Maxillofacial Surgery

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Oral and maxillofacial surgery is the treatment by surgery of diseased tissues of the mouth and jaws (e.g. the removal of benign tumours and cysts in the mouth), the correction of defor­mities and abnormalities, and the repair of fractures in the region. Most malignant tumours are removed by general surgeons, as they often extend beyond the region. The removal of teeth is a traditional surgical procedure by dentists. Teeth may be extracted with forceps or, in difficult cases, be surgically removed. In these cases the gum is peeled back, bone is removed from around the tooth or root to allow its easy removal, and then the gum is sewn back into place. The removal of impacted wisdom teeth is per­haps the commonest procedure carried out by oral and maxillofacial surgeons. A wisdom tooth is impacted when it does not have room enough to fit into place in the mouth and is jammed or impacted behind the tooth in front of it. This occurs mostly in the lower jaw. Removal is preferably carried out on people when they are young.

Some oral surgery is carried out to assist other dental special­ists. For example, the surgeon may improve the shape of a jaw and re-shape tissue to allow a better denture to be made. Surgery to remove the tips of roots can help the endodontist do a better root filling. Exposing an eye tooth buried in the palate may assist the orthodontist to attach a spring to it and pull it into place. Transplanting a tooth from one part of the mouth to another can help the orthodontist, or the prosthodontist with a bridge. Pre­paring the jaws to take a titanium implant may help the prosthodontist fit a bridge where it could not be done otherwise.

Abnormalities may occur through developmental faults such as a cleft palate, which is due to bones not joining up when they should. A surgical team can correct this fault at an early age. A squat face can be lengthened by detaching the palate from the base of the skull, and inserting a bone graft made from a section of rib. The palate can be levelled if uneven, or moved to alter the shape of the face.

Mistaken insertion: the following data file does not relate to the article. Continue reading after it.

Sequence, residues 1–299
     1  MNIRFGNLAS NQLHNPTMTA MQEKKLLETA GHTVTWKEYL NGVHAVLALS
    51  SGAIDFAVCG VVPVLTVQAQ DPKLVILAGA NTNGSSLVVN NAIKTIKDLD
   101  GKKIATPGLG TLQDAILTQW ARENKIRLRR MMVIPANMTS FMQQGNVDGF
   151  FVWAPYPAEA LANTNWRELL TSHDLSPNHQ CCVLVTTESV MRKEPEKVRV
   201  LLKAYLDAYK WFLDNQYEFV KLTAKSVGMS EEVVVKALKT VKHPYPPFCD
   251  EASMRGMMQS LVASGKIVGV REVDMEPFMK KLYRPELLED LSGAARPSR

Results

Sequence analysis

If the lower jaw juts out too far or recedes, giving a weak-looking chin, the surgeon can split the rear section of the jaw vertically and then move the front section backwards or forwards to the desired position. At the same time, the surgeon may cut a bit off a jutting chin or add a bone graft to a receding one. The jaw is then wired into place for a few weeks, while the patient is fed through a straw.

Problems with the temporomandibular joint (jaw joint) just in front of the ear are also often treatable by surgery.

Sometimes one side of the jaw keeps on growing after the other side has stopped, creating a lopsided appearance, and the teeth only meet on one side. Surgery can return all to normal. A bony growth called a taurus can also appear on the upper or lower jaws, and can be surgically removed.

The number of facial and jaw fractures has vastly increased with the road accident rate. Repairing and splinting these frac­tures calls for ingenuity and skill on the part of oral and maxillofacial surgeons. Some results are quite miraculous. Gun­shot wounds to the face are also becoming more common and can be very severe. Industrial accidents and sporting injuries also keep the surgeons busy.

There are many other surgical procedures: clearing blocked salivary ducts, treating the sinuses, removing foreign bodies which have become buried in the mouth and jaws, etc. The postgraduate training of the oral and maxillofacial surgeon is necessarily lengthy, wide-ranging, and continuous.

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